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It is obvious the BJP was looking for more allies, and so diluted its Bill, but at such a huge cost? The BJP Bill, even its admirers should remember, does not help in land acquisition for any kind of factory—how Make-in-India will happen in such a situation is anyone’s guess. Theoretically, firms can buy land on their own—and it is left to each state to decide at what size of landholding the SIA and consent clauses kick in—even under the UPA’s Act. But anyone who has tried to buy land knows, getting this is very difficult without government help, more so since land titles are so unclear in both rural and urban India.

So, the BJP had, to begin with, not made revolutionary changes to the UPA’s regressive land Act. And even this has now been diluted badly as far as new cities are concerned. The new cities were not carved out as a separate category by the BJP, they were clubbed in what was called ‘industrial corridors’ in the 2014 ordinance on land. While that was not particularly satisfactory, it held out the promise of being able to acquire land for new cities along the Delhi Mumbai Industrial Corridor through the Delhi Mumbai Industrial Corridor Development Corporation (DMICDC)—if other cities were to be developed aside from in these corridors they would have to go the long way of consent/SIAs.

Under what has now been proposed, only 1 km of land along either a ‘designated railway line or roads for such industrial corridors’ can be acquired—in other words, small linear cities/logistics parks! There is a hope among some that the definition of roads (plural) offers a way out since there could be multiple such roads in a city, as a result of which, for instance, the city could be even 50 km across in terms of width.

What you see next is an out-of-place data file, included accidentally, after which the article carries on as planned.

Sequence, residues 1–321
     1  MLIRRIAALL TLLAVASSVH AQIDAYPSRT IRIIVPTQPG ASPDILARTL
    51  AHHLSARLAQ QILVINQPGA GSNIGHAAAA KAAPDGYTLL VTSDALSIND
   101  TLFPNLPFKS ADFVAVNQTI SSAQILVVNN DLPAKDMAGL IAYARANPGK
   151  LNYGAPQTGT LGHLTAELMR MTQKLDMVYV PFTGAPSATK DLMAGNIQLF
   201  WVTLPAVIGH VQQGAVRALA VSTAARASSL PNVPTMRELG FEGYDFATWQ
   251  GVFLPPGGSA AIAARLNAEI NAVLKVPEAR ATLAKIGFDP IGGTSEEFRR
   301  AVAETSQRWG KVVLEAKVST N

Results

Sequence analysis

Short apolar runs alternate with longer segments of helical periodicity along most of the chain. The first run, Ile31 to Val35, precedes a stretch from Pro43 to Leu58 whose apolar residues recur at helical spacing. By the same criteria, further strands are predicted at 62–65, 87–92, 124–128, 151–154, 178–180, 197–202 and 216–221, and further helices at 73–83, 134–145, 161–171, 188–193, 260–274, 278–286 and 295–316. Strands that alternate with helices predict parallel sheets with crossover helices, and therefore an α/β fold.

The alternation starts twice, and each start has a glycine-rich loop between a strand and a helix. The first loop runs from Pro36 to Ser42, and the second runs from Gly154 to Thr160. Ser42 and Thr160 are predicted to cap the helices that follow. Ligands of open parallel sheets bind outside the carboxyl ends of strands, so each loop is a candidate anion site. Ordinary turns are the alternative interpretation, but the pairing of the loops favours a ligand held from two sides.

The problem, however, is that all of this makes the process very iffy and subject to all manner of legal challenges—do you ‘designate’  50 roads in an agricultural area and then acquire land around it? Another view is that, along with SEZs and National Investment Manufacturing Zones (NIMZ), cities can also come under the rubric of ‘infrastructure’ which is one of the 5 areas carved out by the NDA where consent and SIA would not apply, but other conditions such as compensation and R&R will apply. But go to the list of what is ‘infrastructure’—yes, there is such a list, gazetted on October 7, 2013—and you find NIMZs are not included (‘industrial parks’ are), nor are cities. In which case, one possibility is that, after the land Bill is passed, the list of ‘infrastructure’ can be expanded to include NIMZs and cities through another gazette notification.

The problem with this is you don’t know when it will happen, and whether that too will be riddled with problems. And if a country wants to attract investments, doing it in such a roundabout fashion hardly inspires confidence—investors want straight-forward laws, not one sub-section of a law that has to be read in conjunction with a sub-clause in another, and the whole thing be subject to the interpretation of a third party.

Indeed, over the past few weeks, more instances are being seen of reforms either being brought in, or scuttled, through such fine-print governance. In the case of the coal blocks, having designed the auctions to encourage firms to quote lower and lower prices for fuel costs, the government is now talking of putting a cap on fixed tariffs even though it was obvious that firms bidding lower energy charges would pass them on to customers via higher fixed costs. Similarly, a budget fine-print seeks to take away vital monetary policy tools away from RBI. None of this augurs well for transparency which is vital to push through India’s reforms process.